Vocals are used rather sparingly throughout, with the album on the whole being focused on largely extended instrumental sections. There are a couple styles of vocals here, though. First up, the black metal growls are very powerful and fit in very well with the heavier sections. Between the sound of the vocals and the rather raw production on these sections, the black metal sections are very powerful and are mostly used in quick but explosive bursts. There are also some clean vocals here, where Waldorf layers his voice in such a way that it often sounds like choral vocals, even though it's all the work of one man. These vocals work well and are mostly used during some of the classical sections. I especially like one point right at the end of “Loss”, where it's a classical section with Waldorf using those choral style vocals in the background, but he also uses his growls in a very theatrical kind of way that almost sounds as if he's trying to use them classically. It's quite the interesting effect and works really well.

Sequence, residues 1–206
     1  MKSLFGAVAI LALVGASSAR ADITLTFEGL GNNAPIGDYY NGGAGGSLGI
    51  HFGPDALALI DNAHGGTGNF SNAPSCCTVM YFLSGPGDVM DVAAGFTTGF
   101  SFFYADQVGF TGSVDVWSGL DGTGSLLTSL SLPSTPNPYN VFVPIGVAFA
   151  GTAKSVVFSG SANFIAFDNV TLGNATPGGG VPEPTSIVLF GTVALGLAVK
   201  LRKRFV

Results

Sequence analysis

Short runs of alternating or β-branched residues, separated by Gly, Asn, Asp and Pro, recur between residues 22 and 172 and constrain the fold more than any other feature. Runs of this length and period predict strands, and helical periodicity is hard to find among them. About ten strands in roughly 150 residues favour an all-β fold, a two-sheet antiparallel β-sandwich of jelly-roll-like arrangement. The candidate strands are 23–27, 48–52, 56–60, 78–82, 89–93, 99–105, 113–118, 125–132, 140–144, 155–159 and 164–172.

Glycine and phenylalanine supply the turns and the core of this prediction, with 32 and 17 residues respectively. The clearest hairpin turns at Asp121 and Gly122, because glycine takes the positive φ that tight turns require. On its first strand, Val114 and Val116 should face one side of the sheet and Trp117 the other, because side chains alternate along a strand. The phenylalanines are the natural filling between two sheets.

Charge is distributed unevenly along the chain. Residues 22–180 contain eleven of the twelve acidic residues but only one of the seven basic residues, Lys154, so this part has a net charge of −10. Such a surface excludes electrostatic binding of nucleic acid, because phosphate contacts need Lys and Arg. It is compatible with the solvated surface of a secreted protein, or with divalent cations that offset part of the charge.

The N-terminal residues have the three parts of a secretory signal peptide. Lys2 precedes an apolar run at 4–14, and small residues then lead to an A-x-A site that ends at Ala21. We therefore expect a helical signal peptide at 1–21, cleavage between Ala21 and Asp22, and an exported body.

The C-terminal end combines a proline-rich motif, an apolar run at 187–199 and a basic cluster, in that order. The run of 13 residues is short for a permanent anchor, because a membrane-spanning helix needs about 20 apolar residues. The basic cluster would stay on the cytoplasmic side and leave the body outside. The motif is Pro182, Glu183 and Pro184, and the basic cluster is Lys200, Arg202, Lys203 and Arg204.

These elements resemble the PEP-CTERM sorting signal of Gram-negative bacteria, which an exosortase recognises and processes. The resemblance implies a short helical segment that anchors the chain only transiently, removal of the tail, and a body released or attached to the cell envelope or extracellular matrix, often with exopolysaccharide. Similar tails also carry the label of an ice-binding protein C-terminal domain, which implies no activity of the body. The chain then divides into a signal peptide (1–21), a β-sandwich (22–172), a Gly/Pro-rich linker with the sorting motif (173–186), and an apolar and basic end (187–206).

It's hard to single out any one track here, as everything is very well done. This is a very long album, nearly reaching 80 minutes and there are 8 tracks, three of which go over 10 minutes, while only one is under 6 minutes, so obviously there's no simple interludes or no real straight-forward songs here. At the same time, I can say not a second is wasted, and I actually have an easy time giving the album consecutive spins, so that has to say something for an album this long, considering it's not even in one of my usual favorite genres. As tough as it is to do a song by song breakdown, I can give a very brief summary and list highlights for each track. First up, “Nihil” is a 14 minute opener which starts off with a nice atmospheric intro, before the black metal elements take over for a while, and we get our first taste of Waldorf's growls. This section lasts a while and the tone of the guitar is wonderful and helps add to the atmosphere of the music. As the track hits its midway point, the incredible classical section I mentioned before comes in and lasts a while, and then the track ends with a nice acoustic folk section. An excellent track overall, which introduces every element of the album in a very effective way.